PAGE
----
On the Liminal

June 1, 2006

We view God as omnipotent, as all-powerful. If we see that He can do anything, why are we certain to ascribe to Him the particular ability to create and destroy? In other words, if He can do anything, shouldn't we simply assume that He has the ability to create and destroy? We do we see the need to explicitly point out this particular aspect of Him, such as in the introduction of John? Why is it specifically pointed out that He is Alpha and Omega, beginning and end?

Because creation and destruction represent the most important things to us as humans. I have long said that life is a trans formative process; and our rituals tend to agree. We mark the liminal, the start and the end. We commemorate a birth, we mourn a death. Ceremonies mark present transformations and recall past transformations. Child to adult, unwed to wed, world condemned to world saved, colony to nation, winter to spring, student to alumnus.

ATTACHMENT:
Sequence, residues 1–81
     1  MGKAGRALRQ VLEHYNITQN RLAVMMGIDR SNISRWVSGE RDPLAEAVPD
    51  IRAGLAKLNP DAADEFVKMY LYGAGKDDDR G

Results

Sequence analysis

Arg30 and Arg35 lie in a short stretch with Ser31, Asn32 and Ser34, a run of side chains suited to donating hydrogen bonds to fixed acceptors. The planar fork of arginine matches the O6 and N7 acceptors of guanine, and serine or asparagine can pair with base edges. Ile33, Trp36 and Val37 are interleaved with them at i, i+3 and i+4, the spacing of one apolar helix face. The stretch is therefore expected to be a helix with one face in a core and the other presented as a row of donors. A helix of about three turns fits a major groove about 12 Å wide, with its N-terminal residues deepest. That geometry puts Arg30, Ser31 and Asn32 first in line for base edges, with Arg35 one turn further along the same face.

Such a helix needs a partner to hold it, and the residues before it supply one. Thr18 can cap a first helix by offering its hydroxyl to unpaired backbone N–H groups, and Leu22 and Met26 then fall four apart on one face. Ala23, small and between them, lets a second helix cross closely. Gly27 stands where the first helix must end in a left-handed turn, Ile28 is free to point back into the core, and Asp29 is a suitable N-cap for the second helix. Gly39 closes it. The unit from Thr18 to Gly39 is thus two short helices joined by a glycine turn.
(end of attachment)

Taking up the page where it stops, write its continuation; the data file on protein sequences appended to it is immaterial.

Our rituals mark transformations -- and our marking transformations demonstrates how important to us they are. They are the main cause of our celebration and our mourning. If transformations are so central to our existence, then, is it not proper that the greatest transformations -- between that which is not and that which is -- be ascribe to God?